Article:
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dc.contributor.authorLynn, Michael
dc.contributor.authorSimons, Tony
dc.date.accessioned2020-09-12T21:03:23Z
dc.date.available2020-09-12T21:03:23Z
dc.date.issued2000-01-01
dc.identifier.other4936132
dc.identifier.urihttps://hdl.handle.net/1813/71556
dc.description.abstractTips represent a substantial portion of restaurant waiters’ and waitresses’ incomes. We report a study that examines several potential predictors of the differences in servers’ average tip earnings. Our results indicate that servers earn larger average sales-adjusted tips if they are attractive females, better service providers, and high self-monitors. However, these effects hold up only for evening tips. None of the variables in this study predicted servers’ average lunch tips. The methodological, theoretical, and managerial implications of these findings are discussed.
dc.language.isoen_US
dc.rightsRequired Publisher Statement: © Wiley. Final version published as: Lynn, M., & Simons, T. (2000). Predictors of male and female servers’ average tip earnings. Journal of Applied Social Psychology, 30(2), 241-252. Reprinted with permission. All rights reserved.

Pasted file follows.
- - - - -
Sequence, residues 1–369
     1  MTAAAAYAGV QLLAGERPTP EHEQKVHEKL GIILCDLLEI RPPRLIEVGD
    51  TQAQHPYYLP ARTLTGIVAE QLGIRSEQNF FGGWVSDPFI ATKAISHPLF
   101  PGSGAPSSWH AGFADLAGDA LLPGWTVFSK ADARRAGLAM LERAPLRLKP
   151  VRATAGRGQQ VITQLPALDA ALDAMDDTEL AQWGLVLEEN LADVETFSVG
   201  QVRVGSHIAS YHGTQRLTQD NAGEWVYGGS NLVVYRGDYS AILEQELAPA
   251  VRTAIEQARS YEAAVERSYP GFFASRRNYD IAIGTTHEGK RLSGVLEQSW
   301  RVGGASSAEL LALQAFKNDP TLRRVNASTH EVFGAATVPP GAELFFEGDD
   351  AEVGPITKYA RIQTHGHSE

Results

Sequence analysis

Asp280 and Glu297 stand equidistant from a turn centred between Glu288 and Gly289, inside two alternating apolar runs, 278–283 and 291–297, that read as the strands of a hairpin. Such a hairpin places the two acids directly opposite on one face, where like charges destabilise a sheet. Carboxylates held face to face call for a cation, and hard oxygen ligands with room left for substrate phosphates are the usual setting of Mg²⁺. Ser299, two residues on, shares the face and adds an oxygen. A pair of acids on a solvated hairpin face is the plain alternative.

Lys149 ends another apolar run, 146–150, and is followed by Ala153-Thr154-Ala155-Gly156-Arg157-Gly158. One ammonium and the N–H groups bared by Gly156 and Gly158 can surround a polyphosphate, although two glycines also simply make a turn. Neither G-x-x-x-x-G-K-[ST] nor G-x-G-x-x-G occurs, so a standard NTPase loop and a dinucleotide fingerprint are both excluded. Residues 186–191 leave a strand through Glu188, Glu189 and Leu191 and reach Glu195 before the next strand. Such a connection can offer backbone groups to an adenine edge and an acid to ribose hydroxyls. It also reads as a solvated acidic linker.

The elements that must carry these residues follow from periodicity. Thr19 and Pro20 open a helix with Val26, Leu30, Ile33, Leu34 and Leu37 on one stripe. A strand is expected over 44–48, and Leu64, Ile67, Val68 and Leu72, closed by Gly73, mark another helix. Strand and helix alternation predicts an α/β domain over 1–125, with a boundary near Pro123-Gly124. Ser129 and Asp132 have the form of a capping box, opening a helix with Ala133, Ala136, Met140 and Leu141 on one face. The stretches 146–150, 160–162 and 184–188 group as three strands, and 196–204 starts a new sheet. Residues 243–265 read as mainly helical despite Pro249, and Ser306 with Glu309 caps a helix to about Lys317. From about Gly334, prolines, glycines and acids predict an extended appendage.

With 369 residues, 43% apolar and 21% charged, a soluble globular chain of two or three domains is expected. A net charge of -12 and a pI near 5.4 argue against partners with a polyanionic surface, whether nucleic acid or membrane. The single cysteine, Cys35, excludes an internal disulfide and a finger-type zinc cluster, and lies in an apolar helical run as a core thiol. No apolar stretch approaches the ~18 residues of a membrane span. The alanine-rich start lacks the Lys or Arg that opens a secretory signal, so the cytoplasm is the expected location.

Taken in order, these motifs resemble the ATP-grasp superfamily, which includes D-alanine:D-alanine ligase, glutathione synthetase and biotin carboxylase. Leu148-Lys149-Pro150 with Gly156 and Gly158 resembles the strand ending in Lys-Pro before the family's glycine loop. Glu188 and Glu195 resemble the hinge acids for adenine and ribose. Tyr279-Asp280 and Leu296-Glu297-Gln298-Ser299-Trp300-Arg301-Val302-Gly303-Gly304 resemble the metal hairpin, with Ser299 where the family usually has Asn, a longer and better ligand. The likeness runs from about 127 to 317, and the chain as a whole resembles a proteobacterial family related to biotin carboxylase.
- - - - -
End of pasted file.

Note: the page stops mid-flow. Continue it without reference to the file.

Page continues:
dc.subjecttipping
dc.subjectservers
dc.subjecttips
dc.subjectpredictors
dc.titlePredictors of Male and Female Servers’ Average Tip Earnings
dc.typearticle
dc.relation.doihttps://doi.org/10.1111/j.1559-1816.2000.tb02314.x
dc.description.legacydownloadsLynn42_predictors_of_male_and_female.pdf: 17519 downloads, before Aug. 1, 2020.
local.authorAffiliationLynn, Michael: wml3@cornell.edu Cornell University
local.authorAffiliationSimons, Tony: tls11@cornell.edu Cornell University


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